It was spring in Hermanus but the winds were cold and there was a persistent drizzle. We had left Cape Town in the morning by bus and after stopping by at the Cape of Good Hope, we arrived at this little seaside town in time for lunch. While we were polishing off calamari, fish and chips in a beach-side restaurant, we heard a commotion as everyone rushed to the window. Whales had appeared offshore! The show was on!
A mom and child ‘breaching’ or jumping right out of the water. Sailing, tail up, like they were walking upside down. Spraying jets of water through their blowholes. It was nice to see the whales enjoying themselves out there. Apparently, we weren’t the only ones having fun.
Hermanus lies 120 kilometres southeast of Cape Town in the Overberg region which includes Cape Agulhas, the southernmost point in Africa where the Atlantic Ocean meets the Indian Ocean. The Atlantic coastal route is breathtakingly beautiful. Hermanus claims it is the best land based whale watching destination in the world. Visitors flock to this seaside resort come sun come rain. In a just couple of decades Hermanus has metamorphosed from a tiny village on the Cape’s Whale Route into a thriving whale-watching destination. Take a walk around the backstreets. The air is divine, the wind refreshing and the bric-à-brac shops interesting. The people are friendly, the hotels are luxurious and the food is a gourmet’s dream.
A whale watching boat ride the next morning cost us 700 rand each. The morning newspaper had reported a mishap that had occurred the day before, when a collision with a whale had damaged a boat’s rudder, causing it to capsize. I had hidden the newspaper after reading it. Some of my co-travelers would have been terrified. And fear would have been a bad fellow traveler.
It turned out to be a rocky ride. I was glad we had life vests on. Taking pictures required special balancing skills. The southern right whales came up close, making loud flapping sounds as they whacked the surface of the ocean with their tails. Sometimes they stood vertically in the water with heads down and tail sticking out, shirshasana style.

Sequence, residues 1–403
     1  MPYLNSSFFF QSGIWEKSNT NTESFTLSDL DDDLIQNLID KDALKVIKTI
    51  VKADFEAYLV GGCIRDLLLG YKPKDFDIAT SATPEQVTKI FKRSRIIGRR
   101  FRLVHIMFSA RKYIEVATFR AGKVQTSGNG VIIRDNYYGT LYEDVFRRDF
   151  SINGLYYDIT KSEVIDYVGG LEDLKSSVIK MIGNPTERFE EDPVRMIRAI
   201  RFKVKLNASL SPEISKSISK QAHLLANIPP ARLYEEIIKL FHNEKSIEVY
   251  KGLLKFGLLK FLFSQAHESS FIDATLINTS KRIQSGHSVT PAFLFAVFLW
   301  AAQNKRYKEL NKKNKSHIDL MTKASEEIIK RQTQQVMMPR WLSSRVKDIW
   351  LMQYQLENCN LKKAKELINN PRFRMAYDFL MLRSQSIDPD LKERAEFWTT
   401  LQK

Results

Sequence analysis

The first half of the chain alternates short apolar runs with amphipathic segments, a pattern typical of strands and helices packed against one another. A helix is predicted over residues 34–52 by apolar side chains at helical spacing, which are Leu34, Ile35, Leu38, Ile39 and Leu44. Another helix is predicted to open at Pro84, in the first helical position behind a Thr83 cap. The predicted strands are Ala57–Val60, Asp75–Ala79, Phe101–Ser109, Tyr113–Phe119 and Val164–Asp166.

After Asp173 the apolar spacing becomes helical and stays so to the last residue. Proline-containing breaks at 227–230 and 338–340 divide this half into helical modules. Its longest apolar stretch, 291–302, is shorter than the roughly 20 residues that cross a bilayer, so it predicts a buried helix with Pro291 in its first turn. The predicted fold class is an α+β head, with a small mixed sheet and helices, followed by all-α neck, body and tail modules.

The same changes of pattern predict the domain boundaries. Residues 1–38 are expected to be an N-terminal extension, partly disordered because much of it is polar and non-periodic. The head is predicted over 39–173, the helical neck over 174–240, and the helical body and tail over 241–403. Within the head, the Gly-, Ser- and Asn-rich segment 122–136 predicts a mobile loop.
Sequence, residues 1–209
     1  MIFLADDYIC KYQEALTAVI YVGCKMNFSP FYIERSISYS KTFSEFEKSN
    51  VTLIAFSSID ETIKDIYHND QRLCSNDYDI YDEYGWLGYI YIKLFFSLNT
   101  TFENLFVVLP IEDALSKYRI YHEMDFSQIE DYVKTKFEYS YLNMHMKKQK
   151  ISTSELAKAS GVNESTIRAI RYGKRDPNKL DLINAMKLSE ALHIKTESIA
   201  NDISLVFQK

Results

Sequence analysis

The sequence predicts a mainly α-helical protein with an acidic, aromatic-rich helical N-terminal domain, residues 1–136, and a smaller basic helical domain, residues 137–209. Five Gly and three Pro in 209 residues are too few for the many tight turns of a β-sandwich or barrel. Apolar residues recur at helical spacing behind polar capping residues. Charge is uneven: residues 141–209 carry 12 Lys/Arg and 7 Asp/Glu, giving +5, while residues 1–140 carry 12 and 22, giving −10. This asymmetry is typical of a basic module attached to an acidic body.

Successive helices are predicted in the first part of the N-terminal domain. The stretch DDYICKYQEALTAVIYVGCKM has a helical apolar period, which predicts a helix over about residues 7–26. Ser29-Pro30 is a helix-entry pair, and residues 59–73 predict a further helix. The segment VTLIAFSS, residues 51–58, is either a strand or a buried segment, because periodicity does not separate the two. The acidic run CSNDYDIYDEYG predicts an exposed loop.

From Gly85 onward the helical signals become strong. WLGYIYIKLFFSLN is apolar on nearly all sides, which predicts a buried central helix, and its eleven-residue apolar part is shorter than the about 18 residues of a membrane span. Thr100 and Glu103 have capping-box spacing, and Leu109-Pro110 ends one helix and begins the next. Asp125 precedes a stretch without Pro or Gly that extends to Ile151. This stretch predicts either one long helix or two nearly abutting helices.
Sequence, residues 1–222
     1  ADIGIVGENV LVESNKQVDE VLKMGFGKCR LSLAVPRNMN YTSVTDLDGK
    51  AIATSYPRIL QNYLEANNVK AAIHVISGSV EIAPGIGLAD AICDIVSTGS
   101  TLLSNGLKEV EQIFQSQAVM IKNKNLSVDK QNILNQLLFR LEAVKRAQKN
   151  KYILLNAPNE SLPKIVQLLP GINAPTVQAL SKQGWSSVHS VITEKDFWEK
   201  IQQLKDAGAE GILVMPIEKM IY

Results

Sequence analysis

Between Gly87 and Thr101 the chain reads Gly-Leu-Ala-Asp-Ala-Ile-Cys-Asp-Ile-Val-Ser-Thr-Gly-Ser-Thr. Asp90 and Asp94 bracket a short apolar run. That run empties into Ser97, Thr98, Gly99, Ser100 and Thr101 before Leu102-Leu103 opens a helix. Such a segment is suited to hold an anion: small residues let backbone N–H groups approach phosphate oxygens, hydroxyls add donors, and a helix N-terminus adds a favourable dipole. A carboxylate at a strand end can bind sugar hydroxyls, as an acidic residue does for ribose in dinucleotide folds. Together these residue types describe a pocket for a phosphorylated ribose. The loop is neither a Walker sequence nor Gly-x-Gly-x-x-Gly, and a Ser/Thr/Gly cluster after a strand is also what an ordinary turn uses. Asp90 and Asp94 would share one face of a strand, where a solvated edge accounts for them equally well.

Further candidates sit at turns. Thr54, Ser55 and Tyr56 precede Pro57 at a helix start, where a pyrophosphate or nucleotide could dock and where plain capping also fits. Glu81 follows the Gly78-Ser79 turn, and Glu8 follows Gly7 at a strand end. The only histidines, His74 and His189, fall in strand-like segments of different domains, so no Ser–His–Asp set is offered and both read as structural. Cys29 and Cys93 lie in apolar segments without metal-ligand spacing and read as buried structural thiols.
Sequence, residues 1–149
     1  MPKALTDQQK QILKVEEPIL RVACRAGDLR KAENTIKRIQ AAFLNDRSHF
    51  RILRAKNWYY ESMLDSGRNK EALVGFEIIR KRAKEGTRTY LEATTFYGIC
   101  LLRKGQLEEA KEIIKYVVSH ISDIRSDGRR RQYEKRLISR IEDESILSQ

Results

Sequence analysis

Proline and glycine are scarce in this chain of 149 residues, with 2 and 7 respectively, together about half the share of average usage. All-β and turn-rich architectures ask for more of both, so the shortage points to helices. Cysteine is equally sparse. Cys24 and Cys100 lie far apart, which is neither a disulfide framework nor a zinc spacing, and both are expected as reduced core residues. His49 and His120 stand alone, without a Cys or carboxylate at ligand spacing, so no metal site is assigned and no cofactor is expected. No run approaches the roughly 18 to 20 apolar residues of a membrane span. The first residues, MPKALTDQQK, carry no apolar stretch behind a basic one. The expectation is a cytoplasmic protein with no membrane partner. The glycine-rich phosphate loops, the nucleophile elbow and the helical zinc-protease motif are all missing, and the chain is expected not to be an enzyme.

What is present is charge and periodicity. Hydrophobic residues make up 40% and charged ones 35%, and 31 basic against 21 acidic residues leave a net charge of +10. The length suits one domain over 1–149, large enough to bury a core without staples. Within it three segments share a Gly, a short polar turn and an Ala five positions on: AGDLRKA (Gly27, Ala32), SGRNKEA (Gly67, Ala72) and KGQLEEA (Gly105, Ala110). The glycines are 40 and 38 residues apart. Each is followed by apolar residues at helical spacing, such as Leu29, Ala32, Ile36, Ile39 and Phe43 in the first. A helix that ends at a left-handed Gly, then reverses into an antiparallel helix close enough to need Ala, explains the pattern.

The Hemel en Aarde Valley, meaning ‘heaven and earth’ in Afrikaans, is one of the Cape’s celebrated wine routes. The road winds into the mountains with wine estates on either side. Hamilton Russell Vineyards is known for their chardonnay. Newton Johnson is proud of their pinot noir. Amarula cream is a deliciously potent South African liqueur known as the ‘spirit of Africa’ and goes with ice-cream, desserts and coffee. It is made from the ripe marula fruit, which gives a high to all animals that consume it, elephants and rhinos included. Some of our group members went on the wine circuit, while others preferred to lie in wait for the whales. I had done enough of wine tasting in Sonoma, Napa Valley and even Baramati and so I cast my lot with the whale watchers.
We also went to check out the Fernkloof Nature Reserve that covers 1800 hectares and boasts nearly 1500 different species of unique flora. Grey rhebok, Cape grysbok, baboon, mongoose, dassie and porcupine are found here in small numbers. A 60 kilometre network of trails offers magnificent views. Four of us made a feeble trekking attempt but had to return hastily as it started to pour. We did see some rare and exotic blooms as the Fernkloof Visitors' Centre had many flowers on display.
Hermanus is definitely one spectacular getaway. You can see plenty of whales if you just stroll along the beach. All you need is a pair of binoculars and a camera with zoom lens. And the whales will make sure you have a whale of a time.